Mount Everest infograph
Mount Everest rose from a tectonic collision that continues to influence its height today. After moving at relatively high speeds, the Indian plate’s migration slowed down, possibly due to its collision with the Eurasian plate. Before the collision, the ocean crust at the Indian plate’s edge plunged under the Eurasian plate, scraping seabed sediments and rocks into a pile. Continental rock is more buoyant than ocean crust, so India resisted sinking. Instead, it collided with Eurasia, compressing the landscape and thrusting it upward into mountains. Credit: Alex Copley, University of Cambridge, National Geographic
  • How hard can it be to measure a 5.5-mi (8.8 km) tall mountain? There are three methods now in use, and the trickiest part can be working out where sea level intersects the base of the mountain.
    • Trigonometry has been used for centuries, with surveyors using protractor-like telescopes called theodolites to measure angles in a web of successive triangles starting at the sea and working point to point until they are able to sight the location of interest.
    • More recently GPS has been used, requiring a receiver to be placed at the location of interest and left there for an hour or longer as a satellite constellation makes repeated measurements, converting signal travel time to distance and elevation and referencing sea level.
    • Photogrammetry is another method that requires aircraft to fly over a location of interest using 3D mapping techniques like LiDAR to create a grid of elevations that must be referenced back to sea level.
    • All three refer to sea level, which is not level at all under the continents because of the gravitational pull of geological features like mountains. Earth’s geoid is an undulating surface that requires the use of gravimeters to work out the local gravity field before it can be used as a proxy for sea level.
    • Additionally, at extreme elevations, the density of air is so low that light refraction must be corrected before angles can be correctly measured.
surveying theodolite
A surveying theodolite from the early 20th century. Credit: National Archives
  • With all the controversy regarding Everest’s elevation after the 2015 quake, the government of Nepal decided to build its own surveying capabilities and remeasure the mountain in 2017.
    • To avoid other climbers and to reduce refraction, the Nepalese team reached Everest’s summit in the dead of night at 3:00 AM on May 22, 2019, to place their GPS beacon and take gravimeter readings to inform the calculations of the local geoid. They also used ground penetrating radar to measure the thickness of snow and ice atop the rocks on the peak.
    • The Nepalese surveyors started at a point referenced to the Bay of Bengal and built a 250-km (155 mi) network of line-of-sight stations until they could sight and measure Everest’s peak from 12 nearby peaks using laser-equipped theodolites. These locations were also equipped with GPS receivers to cross-reference GPS elevations.
    • In October 2019, Chinese president Xi Jinping visited Nepal’s capital Kathmandu and the countries agreed to collaborate on the final elevation calculation, calling the peak “an eternal symbol of the friendship between Nepal and China.”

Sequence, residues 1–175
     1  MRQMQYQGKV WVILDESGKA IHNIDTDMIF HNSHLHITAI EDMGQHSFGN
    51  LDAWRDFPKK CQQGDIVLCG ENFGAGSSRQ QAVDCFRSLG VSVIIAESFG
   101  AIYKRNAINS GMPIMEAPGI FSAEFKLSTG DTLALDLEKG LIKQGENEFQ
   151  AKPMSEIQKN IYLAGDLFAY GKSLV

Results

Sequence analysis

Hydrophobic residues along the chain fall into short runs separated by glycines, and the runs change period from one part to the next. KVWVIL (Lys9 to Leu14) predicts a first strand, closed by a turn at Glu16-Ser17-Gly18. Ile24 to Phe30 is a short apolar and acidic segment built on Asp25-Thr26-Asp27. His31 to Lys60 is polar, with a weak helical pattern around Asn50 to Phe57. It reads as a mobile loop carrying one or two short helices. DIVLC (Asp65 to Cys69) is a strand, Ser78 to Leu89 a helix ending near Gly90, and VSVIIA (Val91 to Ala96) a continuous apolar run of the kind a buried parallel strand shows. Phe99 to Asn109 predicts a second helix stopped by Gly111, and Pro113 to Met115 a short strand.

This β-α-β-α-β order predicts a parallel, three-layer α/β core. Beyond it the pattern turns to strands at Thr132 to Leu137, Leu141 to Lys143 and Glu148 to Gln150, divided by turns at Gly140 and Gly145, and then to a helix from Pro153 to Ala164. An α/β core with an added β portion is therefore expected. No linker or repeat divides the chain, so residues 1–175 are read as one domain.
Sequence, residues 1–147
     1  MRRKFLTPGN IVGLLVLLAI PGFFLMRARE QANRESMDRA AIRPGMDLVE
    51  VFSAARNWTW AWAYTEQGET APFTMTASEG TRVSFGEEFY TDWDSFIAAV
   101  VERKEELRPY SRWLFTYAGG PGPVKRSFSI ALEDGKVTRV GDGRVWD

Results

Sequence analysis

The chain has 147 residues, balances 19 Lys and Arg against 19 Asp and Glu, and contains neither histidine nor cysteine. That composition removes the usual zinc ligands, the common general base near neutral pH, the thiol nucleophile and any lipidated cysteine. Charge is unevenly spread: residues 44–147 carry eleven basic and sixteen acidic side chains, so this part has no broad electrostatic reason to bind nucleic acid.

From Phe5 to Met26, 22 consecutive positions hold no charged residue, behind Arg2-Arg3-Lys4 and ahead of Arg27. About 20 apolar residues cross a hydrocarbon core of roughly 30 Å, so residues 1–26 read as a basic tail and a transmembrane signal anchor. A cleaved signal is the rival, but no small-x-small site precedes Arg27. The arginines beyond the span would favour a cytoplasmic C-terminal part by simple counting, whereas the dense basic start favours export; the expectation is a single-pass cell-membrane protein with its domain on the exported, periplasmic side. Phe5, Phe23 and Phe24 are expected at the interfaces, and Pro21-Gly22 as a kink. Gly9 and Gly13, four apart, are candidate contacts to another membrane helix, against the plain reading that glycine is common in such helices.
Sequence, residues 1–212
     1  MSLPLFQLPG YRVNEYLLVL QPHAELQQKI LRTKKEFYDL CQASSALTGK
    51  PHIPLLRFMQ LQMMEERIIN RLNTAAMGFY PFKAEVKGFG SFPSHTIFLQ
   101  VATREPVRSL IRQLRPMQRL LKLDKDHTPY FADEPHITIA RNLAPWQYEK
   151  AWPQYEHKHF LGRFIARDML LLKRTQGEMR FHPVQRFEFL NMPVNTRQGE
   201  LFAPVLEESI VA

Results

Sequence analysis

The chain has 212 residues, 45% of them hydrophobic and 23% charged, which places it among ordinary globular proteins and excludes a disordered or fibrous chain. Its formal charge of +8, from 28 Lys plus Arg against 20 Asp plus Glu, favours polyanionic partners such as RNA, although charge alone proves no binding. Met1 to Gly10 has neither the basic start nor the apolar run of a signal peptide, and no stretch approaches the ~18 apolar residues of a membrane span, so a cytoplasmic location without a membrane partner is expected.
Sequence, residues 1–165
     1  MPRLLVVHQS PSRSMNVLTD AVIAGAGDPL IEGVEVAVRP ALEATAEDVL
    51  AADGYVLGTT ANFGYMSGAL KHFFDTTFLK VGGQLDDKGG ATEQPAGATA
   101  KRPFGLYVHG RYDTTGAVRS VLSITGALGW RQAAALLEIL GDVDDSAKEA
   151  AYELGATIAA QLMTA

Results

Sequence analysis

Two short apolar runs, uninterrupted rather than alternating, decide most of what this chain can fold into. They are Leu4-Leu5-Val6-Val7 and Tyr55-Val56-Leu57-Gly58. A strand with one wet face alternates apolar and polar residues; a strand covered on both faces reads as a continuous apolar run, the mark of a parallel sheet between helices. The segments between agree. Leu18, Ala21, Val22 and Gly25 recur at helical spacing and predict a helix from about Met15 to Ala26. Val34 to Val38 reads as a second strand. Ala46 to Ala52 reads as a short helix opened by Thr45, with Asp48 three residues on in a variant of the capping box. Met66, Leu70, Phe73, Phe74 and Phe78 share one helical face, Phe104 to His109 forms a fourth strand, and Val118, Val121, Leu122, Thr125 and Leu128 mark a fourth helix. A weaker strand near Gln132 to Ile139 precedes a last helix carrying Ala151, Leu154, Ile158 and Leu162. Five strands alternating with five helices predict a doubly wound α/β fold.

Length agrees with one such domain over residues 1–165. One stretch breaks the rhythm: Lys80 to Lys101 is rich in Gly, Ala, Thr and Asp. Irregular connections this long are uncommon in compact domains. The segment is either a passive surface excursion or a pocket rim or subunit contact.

• The Chinese team started building their triangulation network soon after the historic visit, using the Yellow Sea as their point of reference and ultimately using six lower peaks to triangulate to the top of Everest. They also placed receivers that communicated with the Chinese BeiDou navigation satellite constellation.
    • In May 2020, the Chinese surveyors approached from the Tibetan side to place their BeiDou beacon on the peak and make other measurements. They had the mountain to themselves as the only group to summit Everest in 2020 because of pandemic travel restrictions in both Nepal and China.
When direct measurement of height is not possible, surveyors use trigonometry. There are three sides and three angles in any triangle. If we know any three of these quantities, provided one of them is a side, all the others can be calculated. In a right triangle, one of the angles is 90°, so if we know any other angle and one of the sides, the others can be derived. This works for measuring the height of any object that we can’t measure directly, like Mount Everest. Credit: The Indian Express
  • This robust data collection and unprecedented collaboration between Nepal and China continued, culminating in the December 8, 2020, joint announcement of a new official height for the peak: 29,031.69 ft (8,848.86 m), just 2.82 ft (0.86 m) taller than the previously accepted elevation.
    • It is amazing that elevations calculated by hand in 1955 could be within 3 ft of measurements achieved with 2020 technology. The Survey of India did an extraordinary job 65 years ago!
    • From this point forward, changes in elevation will be faster to document, helping scientists to better understand the trembling of the extraordinary mountain called Sagarmatha, Chomolungma, or Everest, depending on your place of origin.
Mount Everest 3D map
Mount Everest 3D map based on data from the U.S. National Snow and Ice Data Center and Landsat 8. Credit: Tom Patterson, public domain

References: Topping Off Everest

Shrinking Mount Everest: How to Measure a Mountain | LiveScience

Why Mount Everest keeps changing its height | National Geographic

Experts Explain: How to measure a mountain | The Indian Express

Mt Everest grows by nearly a metre to new height | BBC

Mount Everest is more than two feet taller, China and Nepal announce | National Geographic

Contributors: Juli Hennings, Harry Lynch